Oshkosh Defense [OSK] has submitted a proposal for the Army’s Optionally Manned Fighting Vehicle (OMFV) program, a company official has confirmed, while General Dynamics
‘ [GD] Land Systems business has detailed its team vying for the rebooted competition.
“We have built a consortium of experienced and innovative industry leaders who bring technical diversity and maturity to our team and we’re confident that we will deliver the next generation Infantry Fighting Vehicle the American soldier clearly deserves,” Pat Williams, Oshkosh Defense’s vice president for Army and Marine Corps programs, told Defense Daily.
Oshkosh Defense, which currently manufactures the Army’s Joint Light Tactical Vehicle, did not offer details on the design and it would not specify the partners it has teamed with on its proposal.
Meanwhile, General Dynamics Land Systems (GDLS) said its team for OMFV includes the company’s Mission Systems business, unmanned aerial vehicles firm Aerovironment [AVAV] and artificial intelligence and autonomy developer Applied Intuition.
“The expertise and investments of each team member complement future OMFV capabilities and allow early understanding of what it will take to integrate truly transformational capabilities into the platform,” Ray Kiernan, the GDLS’ OMFV director, told Defense Daily.
GD and BAE Systems both announced their plans to compete for OMFV last Thursday, joining Germany’s Rheinmetall, which originally announced its intent to offer its Lynx fighting vehicle platform for the program back in October (Defense Daily, April 15).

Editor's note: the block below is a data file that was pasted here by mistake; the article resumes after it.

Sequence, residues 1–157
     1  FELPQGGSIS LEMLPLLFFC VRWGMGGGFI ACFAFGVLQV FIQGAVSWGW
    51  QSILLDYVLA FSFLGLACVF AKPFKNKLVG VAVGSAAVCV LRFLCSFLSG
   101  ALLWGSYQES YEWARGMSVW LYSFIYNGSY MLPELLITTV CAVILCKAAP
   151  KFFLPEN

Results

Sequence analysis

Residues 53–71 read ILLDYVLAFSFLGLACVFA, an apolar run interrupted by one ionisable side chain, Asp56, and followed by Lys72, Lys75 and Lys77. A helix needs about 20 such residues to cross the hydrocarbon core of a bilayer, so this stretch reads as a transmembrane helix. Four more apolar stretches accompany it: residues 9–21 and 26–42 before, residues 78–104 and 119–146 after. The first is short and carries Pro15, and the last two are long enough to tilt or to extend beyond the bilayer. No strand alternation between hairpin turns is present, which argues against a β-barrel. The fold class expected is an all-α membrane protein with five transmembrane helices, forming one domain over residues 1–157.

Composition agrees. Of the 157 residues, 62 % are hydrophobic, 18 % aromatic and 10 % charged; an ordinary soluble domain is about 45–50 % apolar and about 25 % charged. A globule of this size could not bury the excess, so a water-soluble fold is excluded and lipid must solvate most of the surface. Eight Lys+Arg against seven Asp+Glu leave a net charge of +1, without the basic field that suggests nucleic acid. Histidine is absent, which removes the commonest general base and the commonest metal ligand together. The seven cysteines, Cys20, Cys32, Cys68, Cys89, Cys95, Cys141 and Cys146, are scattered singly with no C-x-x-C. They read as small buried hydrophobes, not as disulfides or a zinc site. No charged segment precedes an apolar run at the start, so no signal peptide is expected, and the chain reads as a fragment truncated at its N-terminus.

On Wednesday, L3Harris Technologies [LHX] announced it had joined Rheinmetall’s OMFV team which already included a roster of Textron Systems [TXT] and Raytheon Technologies [RTX] (Defense Daily, April 14).
BAE Systems said Elbit Systems of America [ESLT] is working on its OMFV proposal, including providing the design of the vehicle’s integrated turret.
Science Applications International Corp. [SAIC] will not pursue the Army’s rebooted Optionally Manned Fighting Vehicle competition as either a prime contractor or a subcontractor, company spokesperson Lauren Presti confirmed to Defense Daily on Friday.
GD was the sole competitor to submit a physical bid sample during the Army’s first attempt at the Bradley replacement program, before the service canceled the original acquisition effort in January 2020.
Kiernan pointed to the Army’s decision to refocus the OMFV development process on more flexible characteristics rather than stringent requirements as a key attribute of the rebooted program.
“General Dynamics Land Systems enthusiastically embraces the iterative and cooperative development approach the U.S. Army is applying to the OMFV program. Starting with the nine Characteristics of Need over a traditional requirement set will enable industry to cooperatively arrive with the Army at the best performance specification for this program heading into the later design and prototype phases,” he said. “GD offers state-of-the-art tools, processes and discipline, combined with a model-based approach in this digital environment, which is exactly what the Army is looking for in this phase of the program.”
The Army will award up to five contracts for OMFV digital designs in June, which will be graded on their conceptual approach and capability to meet nine flexible characteristics as well as the ability to incorporate modular open systems architecture into their proposals